Using this method, we are able to routinely retrieve about three slices per hemisphere of the dorsal hippocampal region between 1.4 mm-2.4 mm from the pial surface, as shown in the Figure 1C. Although it is not possible with this procedure to obtain transversal slices from the very septal pole of the hippocampus, it is possible to collect about two additional viable non-transversal slices per hemisphere from the septal pole (Figure 1C ii,iii). If the septal pole of the hippocampus is the primary research focus, other protocols, which permit collection of transversal slices, especially from the very septal pole of the hippocampus, may be better suited21,32. Behavioral experiments on spatial navigation and learning are preferably carried out in mature mice with fully developed neuronal connectivity. Consequently, we have optimized our slicing procedure for the application to the brains of adult animals (shown here for three months old mice), which are more sensitive to stress than the resilient juvenile preparation. To this end we have combined several strategies which reduce the hypoxic stress the brain is exposed to in the time between extraction and the placement of the slices into the oxygenated ACSF. The protective cutting solution is a NMDG-based ACSF25,27,28 with low Na+ and Ca2+ but high Mg2+ to reduce excitotoxic damage and cell swelling due to activation of NMDA receptors. In addition, HEPES provides stable buffering and compounds such as ascorbate and pyruvate reduce oxidative stress. The trans-cardial perfusion with the chilled and oxygenated protective cutting solution takes advantage of the extremely dense capillary network supplying the brain to rapidly and homogeneously reduce metabolic demand and glutamate-induced excitotoxicity in the brain tissue. Subsequently nearly all steps following decapitation are performed within the cooled and oxygenated solutions to keep metabolism and oxygen deprivation to a minimum during the entire procedure. Other strategies for reducing brain damage during slicing exist and may be equally valid38. To demonstrate the quality of our preparation, we compare it to a coronal slice preparation, which is commonly used to record from the dorsal hippocampus. Even though coronal slices can be used to obtain good patch-clamp recording in the dentate gyrus, the number of unhealthy and disconnected neurons is higher than in the transversal slice. In addition, the integrity of the axonal and dendritic arborizations is better preserved in the transversal slice. As a matter of fact the integrity of granule cell axons (Figure 3A), which run orthogonal to the longitudinal axis of the hippocampus serves as an indicator of a transversal slicing plane1.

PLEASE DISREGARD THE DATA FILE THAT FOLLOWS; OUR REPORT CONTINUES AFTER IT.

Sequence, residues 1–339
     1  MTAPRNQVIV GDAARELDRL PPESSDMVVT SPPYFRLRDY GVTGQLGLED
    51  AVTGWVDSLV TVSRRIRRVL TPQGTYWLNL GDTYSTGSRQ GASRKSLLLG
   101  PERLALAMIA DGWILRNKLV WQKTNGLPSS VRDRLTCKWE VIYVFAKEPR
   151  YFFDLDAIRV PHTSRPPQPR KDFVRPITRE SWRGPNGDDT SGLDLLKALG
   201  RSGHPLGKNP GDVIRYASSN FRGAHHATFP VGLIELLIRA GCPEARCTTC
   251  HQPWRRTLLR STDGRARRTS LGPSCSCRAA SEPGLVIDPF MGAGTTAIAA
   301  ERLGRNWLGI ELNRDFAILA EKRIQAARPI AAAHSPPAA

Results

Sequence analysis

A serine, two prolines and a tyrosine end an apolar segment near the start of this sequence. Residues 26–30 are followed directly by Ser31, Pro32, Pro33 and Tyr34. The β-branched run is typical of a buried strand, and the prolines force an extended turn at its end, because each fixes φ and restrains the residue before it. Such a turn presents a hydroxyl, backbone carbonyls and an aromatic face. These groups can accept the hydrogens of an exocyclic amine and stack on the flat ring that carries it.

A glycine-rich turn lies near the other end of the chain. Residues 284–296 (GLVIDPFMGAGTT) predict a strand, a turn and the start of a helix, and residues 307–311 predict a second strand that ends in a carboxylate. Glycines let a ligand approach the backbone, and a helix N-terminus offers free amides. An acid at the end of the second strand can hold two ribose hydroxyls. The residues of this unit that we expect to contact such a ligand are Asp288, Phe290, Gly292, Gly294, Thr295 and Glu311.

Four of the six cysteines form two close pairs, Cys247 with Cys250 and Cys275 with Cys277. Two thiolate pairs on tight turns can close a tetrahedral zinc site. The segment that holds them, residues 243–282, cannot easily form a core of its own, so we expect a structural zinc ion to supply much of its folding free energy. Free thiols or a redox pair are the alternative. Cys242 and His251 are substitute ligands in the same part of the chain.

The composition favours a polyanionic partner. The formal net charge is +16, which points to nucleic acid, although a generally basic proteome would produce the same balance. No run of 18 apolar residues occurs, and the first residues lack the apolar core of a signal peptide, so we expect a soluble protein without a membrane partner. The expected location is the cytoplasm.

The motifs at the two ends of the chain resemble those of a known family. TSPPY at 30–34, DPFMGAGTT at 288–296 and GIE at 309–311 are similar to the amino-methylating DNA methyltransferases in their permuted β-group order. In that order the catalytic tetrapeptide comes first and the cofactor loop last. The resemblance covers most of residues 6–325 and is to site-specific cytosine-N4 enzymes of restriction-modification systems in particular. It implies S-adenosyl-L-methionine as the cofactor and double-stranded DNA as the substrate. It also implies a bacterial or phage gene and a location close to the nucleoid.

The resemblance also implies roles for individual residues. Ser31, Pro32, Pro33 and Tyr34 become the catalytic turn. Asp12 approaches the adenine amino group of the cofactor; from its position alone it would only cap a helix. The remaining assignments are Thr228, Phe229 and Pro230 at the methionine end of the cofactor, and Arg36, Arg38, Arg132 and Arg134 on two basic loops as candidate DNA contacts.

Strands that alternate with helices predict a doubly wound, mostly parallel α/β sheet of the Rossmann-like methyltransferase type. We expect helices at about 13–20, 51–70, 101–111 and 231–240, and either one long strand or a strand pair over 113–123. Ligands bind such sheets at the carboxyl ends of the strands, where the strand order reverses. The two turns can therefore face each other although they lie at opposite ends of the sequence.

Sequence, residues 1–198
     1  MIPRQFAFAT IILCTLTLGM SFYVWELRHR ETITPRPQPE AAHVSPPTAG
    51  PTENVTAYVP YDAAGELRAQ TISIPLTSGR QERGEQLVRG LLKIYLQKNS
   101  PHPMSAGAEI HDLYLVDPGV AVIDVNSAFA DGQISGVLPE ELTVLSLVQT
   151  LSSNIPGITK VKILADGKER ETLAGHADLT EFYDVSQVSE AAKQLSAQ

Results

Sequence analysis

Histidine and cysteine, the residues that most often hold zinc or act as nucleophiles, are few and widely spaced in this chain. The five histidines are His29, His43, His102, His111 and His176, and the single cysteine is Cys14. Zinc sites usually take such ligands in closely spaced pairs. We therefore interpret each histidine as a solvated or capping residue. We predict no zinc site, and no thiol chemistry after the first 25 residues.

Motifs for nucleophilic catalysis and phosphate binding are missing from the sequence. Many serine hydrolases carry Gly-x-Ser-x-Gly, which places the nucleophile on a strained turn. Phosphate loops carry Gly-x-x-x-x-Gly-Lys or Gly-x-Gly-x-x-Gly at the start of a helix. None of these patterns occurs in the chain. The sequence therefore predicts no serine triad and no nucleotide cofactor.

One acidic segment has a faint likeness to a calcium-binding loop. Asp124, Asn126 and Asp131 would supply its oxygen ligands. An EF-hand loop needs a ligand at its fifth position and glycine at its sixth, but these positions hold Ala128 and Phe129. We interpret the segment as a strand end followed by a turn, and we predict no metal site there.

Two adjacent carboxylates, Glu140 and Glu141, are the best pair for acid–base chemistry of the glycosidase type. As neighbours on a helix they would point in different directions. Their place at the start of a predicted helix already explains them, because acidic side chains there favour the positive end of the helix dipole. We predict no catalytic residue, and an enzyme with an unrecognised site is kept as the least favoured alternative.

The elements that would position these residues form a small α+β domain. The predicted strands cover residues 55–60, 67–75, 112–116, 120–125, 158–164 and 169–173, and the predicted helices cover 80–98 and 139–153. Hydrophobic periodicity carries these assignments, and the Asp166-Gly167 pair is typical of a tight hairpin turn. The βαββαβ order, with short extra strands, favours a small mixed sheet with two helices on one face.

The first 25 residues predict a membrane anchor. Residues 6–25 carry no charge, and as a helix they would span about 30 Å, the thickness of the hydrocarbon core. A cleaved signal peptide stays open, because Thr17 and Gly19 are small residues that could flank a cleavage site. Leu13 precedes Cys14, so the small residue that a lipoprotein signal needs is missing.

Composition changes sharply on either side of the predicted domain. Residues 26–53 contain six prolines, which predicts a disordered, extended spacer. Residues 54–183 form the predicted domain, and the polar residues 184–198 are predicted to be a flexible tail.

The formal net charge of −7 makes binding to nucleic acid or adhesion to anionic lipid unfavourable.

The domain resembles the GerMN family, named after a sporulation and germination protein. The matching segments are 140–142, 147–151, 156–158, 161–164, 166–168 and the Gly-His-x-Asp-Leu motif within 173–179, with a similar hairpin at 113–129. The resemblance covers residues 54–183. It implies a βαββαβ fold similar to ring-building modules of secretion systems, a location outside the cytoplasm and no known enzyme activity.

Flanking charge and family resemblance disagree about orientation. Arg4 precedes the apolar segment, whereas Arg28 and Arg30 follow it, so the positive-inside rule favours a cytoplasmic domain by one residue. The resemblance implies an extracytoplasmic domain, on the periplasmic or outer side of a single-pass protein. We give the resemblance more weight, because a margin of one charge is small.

For the filling of patched neurons, we suggest an electrode resistance between 3 and 5 MΩ. A diameter of the tip of about 1 µm, allows accomplishment of a good seal resistance during recording and good re-sealing upon electrode retraction. The most crucial detail is to avoid the suction of parts of the soma or nucleus into the pipette. For this reason, we suggest including an Alexa dye in the intracellular solution when possible. The dye allows monitoring the cell shape during recording and re-sealing. Moreover, it permits to assess the integrity of the patched cell after fixation, which can save immunohistochemistry time, in cases of unsuccessful fillings. Because of Alexa dyes are quenched with long fixation time, we suggest short fixation if possible.

For subsequent immunostaining, we use a protocol that does not require the re-sectioning of the slice. We suggest making the staining within one week after fixation. The longer the slices remain in the fridge, the higher the chance of tissue degradation. If a long storage cannot be avoided, we suggest increasing the NaN3 concentration in the PBS to 0.05% and to refresh it weekly. Immunostaining of the entire slice means that the incubation times with primary and secondary antibodies increase. Usually, for revealing biocytin, one overnight incubation at 4 °C is enough, but if combined with the staining for other proteins, the whole staining procedure can last much longer. Permeabilization-blocking and anti-body incubation need to be optimized individually. Usually, for the primary antibody, two days are sufficient while one day can be enough for the secondary. We recommend increasing the duration of the washing steps together with longer antibody incubations to avoid the increase of background.